Dr. S. S. VERMA, Department of Physics, S.L.I.E.T., Longowal; Distt.-Sangrur (Punjab)-148 106
Electricity has become as a lifeline of present day civilization and thus its demand is enormous and growing. Rising concern about the gap between demand and supply of electricity for masses, environmental pollution from fossil fuels and dwindling conventional resources of energy have highlighted the exploration of alternate sources of energy and for its (energy) sustainable use. There seems no end to different ways by which one can generate pollution-free electricity from alternative and renewable sources of energy. Traffic on road (Fig. 1a) all over the world is increasing day by day and thus, congestion on roads is becoming inevitable with the fancy of masses towards personal transportation systems for their growing mobility. Energy demand and heavy traffic correlation motivate to dream about a device in the road that would harvest the energy from the vehicles driving over it. For this, embed piezoelectric material beneath a road (Fig. 1b) can provide the magic of converting pressure exerted by the moving vehicles into electric current.
Piezoelectricity refers to the ability of some materials – most notably crystals and certain ceramics, including bone – to generate an electric potential in response to applied pressure. Piezoelectricity is used in the production and detection of sound, generation of high voltages, electronic frequency generation, and everyday uses such as cigarette lighters and push-start propane barbecues. The system (Fig. 1b) is based on piezoelectricity, which uses pads of metallic crystals buried over hundreds of meters of road to generate electricity when put under the pressure of quickly moving traffic. With this technology, now, engineers are poised to harvest some of the spare kinetic energy of the world’s moving vehicles with various designs being put forward. Engineers have created a new type of road capable of turning the vibration caused by vehicles into electricity. While the concept is not new, the application is a novelty.
One design developed by a company Innowattech (Israel) consists of a thin box around the piezoelectric material, which is then placed underneath a layer of asphalt. Accordingly, as vehicles pass over plates embedded in the asphalt they compress a tank of hydraulic fluid under the road, which in turn creates a series of pumping actions that turns a generator to produce electricity. When a vehicle drives over the box, it takes the vertical force and compresses the piezoelectric material, thereby generating electricity. The energy—80 kilowattt-hours per kilometer of road for car traffic—can be stored in a nearby battery or supercapacitor, depending on the application, or sent directly to streetlights and other roadside devices. The energy being converted into electricity through piezoelectric effect is coming from motion of vehicle which will otherwise be wasted by heat when the road deforms under the weight of the car. The layer of piezoelectric material is stiffer than the road material it replaces, so it even saves passing vehicles a tiny amount of energy. Accordingly, one truck can generate 2,000 volts which could already be used to power traffic lights or street lamps. The revolutionary new surface uses piezoelectric crystals embedded in the asphalt to generate up to 400 kilowatts of energy from a 1 kilometer stretch, enough to run eight electric cars. A kilometer of “electric road” could generate enough power for 40 houses, and progress in the technology could generate enough electricity to feed the national power grid.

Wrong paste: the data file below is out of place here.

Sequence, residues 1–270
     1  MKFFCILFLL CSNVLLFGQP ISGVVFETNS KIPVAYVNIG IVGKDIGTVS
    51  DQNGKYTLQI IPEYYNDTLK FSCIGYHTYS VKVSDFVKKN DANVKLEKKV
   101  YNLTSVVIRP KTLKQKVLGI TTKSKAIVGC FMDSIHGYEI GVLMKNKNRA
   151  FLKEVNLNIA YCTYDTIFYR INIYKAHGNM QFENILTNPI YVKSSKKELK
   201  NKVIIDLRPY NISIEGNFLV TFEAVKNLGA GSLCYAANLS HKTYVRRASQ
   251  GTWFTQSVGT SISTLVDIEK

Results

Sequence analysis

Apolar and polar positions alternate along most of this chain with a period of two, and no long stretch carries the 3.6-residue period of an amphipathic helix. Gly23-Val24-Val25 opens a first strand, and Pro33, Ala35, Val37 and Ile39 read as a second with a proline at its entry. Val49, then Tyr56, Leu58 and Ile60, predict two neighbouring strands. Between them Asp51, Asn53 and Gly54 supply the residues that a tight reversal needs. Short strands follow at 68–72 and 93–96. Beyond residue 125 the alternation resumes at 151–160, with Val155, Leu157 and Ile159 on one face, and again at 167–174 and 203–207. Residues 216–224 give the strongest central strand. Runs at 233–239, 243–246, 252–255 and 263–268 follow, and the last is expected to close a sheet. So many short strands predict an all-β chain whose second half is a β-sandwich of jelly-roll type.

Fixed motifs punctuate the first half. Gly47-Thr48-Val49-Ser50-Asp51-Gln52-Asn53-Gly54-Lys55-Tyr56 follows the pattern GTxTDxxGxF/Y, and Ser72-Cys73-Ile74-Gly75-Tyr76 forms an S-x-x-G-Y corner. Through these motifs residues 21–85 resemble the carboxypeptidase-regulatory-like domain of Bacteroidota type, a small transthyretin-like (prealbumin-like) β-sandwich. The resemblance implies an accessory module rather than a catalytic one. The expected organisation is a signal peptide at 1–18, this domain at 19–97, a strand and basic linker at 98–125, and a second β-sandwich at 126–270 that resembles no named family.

Another design from U.S. tech-transfer firm New Energy Technologies aims to capture energy when vehicles are slowing down in which cars or trucks would drive over a mat that would be installed on top of the road, on a highway off-ramp, or near a toll booth, saving wear and tear on the car brakes and transforming some of the slowing vehicle’s motion into electricity. The mat uses mechanical or hydraulic cells to generate electricity and can be customized for cars or cargo truck traffic. The idea of skimming kinetic energy from slowing vehicles before it gets wasted as heat has already undergone a few real-world tests, with mixed results. In such a test, the panels produced as much as 40 kilowatt-hours but panel seals suffered damage from grit, temperature extremes, and torsion from trucks turning on them.
Efforts are being going on to modify the system considering the problems insurmountable. Till now, only private companies were competing in this sector but recently governments of developed countries are also taking notice to the developments in turning traffic rush into electricity and are funding many projects. Future plans include placing the crystal generators in railways also as trains are advantageous because they guarantee to apply pressure in the same place over and over again.